Monday, 19 September 2011
How to make a robe de cour in six weeks and hopefully not go crazy, part 4
As I have a deadline and work full time, so my sewing time is limited, I’m using both machine sewing and hand sewing. The machine for such things as boning channels and inner seams, hand sewing for everything else.
Hour 2-4 Sewing the boning channels. Easy work, but quite tedious.
Hour 5 Sewing the front pieces together as well as the back pieces. Not the side seams, as some of the boning channels opened up into it and needed to be bones before sewing them together. I also mulled over what it really meant to glue paper on the inner layer. Operafantomet kindly pointed me towards these extant 16th century clothes , where some have had their bodice stiffened with the help of cardboard and wool felt, where the cardboard wasn’t made of cellulose but linen fiber and animal glue. I have no idea what kind of paper that has been used in the extant 18th century stays I know of, but it seems quite likely that it was textile based paper. Given my time frame I don’t really have the room to experiment, so I decided to make a modern translation and used double sided interfacing to fuse a more lightweight white linen fabric to the inner layer. It made it stiffer and smoother and the boning channels are less pronounced, so I think it’s a pretty good solution, albeit not a period-correct one.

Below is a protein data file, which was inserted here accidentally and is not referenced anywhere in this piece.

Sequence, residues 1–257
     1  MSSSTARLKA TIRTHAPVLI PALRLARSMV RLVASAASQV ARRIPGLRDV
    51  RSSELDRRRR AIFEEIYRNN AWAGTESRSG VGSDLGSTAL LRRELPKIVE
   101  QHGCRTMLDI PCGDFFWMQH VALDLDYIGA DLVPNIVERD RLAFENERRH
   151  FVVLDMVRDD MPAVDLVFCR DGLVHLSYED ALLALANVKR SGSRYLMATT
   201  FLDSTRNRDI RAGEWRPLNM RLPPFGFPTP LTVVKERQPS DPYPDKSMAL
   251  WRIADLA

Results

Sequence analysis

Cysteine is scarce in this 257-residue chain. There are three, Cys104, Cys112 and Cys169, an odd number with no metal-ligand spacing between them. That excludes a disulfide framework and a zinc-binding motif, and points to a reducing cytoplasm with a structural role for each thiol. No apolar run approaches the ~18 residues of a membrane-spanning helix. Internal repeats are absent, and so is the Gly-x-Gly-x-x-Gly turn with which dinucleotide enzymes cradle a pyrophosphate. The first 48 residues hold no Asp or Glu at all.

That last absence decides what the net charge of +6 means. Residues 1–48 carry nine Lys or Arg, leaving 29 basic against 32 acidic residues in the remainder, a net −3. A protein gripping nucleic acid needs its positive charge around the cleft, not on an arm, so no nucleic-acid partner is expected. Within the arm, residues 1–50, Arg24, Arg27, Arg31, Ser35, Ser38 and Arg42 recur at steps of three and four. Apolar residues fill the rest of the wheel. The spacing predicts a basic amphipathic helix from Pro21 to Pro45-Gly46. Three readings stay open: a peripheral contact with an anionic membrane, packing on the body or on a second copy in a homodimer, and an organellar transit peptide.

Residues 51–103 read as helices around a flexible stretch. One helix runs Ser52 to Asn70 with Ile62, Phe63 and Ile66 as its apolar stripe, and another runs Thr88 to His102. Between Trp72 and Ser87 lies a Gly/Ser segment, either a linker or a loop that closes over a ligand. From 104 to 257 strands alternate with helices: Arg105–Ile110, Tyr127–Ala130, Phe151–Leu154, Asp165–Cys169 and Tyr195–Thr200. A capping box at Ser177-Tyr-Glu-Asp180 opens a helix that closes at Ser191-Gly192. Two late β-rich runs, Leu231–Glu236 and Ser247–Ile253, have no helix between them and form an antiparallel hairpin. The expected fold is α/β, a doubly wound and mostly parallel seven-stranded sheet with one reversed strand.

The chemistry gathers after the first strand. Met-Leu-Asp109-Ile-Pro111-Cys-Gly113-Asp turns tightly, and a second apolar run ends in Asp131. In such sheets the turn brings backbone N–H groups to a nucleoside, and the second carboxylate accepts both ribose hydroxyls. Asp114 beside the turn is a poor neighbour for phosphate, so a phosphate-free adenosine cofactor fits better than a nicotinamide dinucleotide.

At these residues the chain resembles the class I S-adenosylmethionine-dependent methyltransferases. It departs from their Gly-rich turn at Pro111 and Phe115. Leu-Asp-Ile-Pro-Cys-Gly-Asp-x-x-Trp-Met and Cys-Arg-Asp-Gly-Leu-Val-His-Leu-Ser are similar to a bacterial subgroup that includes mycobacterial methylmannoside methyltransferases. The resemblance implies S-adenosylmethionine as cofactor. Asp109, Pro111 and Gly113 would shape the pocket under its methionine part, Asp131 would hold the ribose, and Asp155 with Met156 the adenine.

Hour 6-9 Making 18 lacing holes. Much easier to do before the whole thing is completely sewn together. I don’t use grommet both because they weren’t used in the 18th century, but also because I find them frustrating to put in and very often pops out again. I make my lacing holes quite small and use a waxed linen thread. I’m pleased to say that they finally stat to look more even.
Hour 10-12 Boning the bodice and sewing the last seams. I use plastic boning from Cheaptrims that I buy by the spool. It’s quite flexible, but in fully bones stays they give good support and I promise, I need my support. I cut it with a pair of household scissors and just round the edges. So far I have never had any bone poke through.
Hour 13 Test the fit; fit the shoulder straps and cutting the shoulder straps. Over all they fit as they should, though I needed to scoop out the top of the front a bit toward the sides. I don’t have a pattern for the shoulder straps, so I pinned a piece of linen and played with that until I was satisfied. I also need to shape the tabs.
Now I need to bone the shoulder straps and put them into place and then I can start with cutting the silk velvet. Scary thought as it is…
Remember that I said I couldn't find a picture os Sofia Magdalena's coronation robe? Well, I did find one, here it is: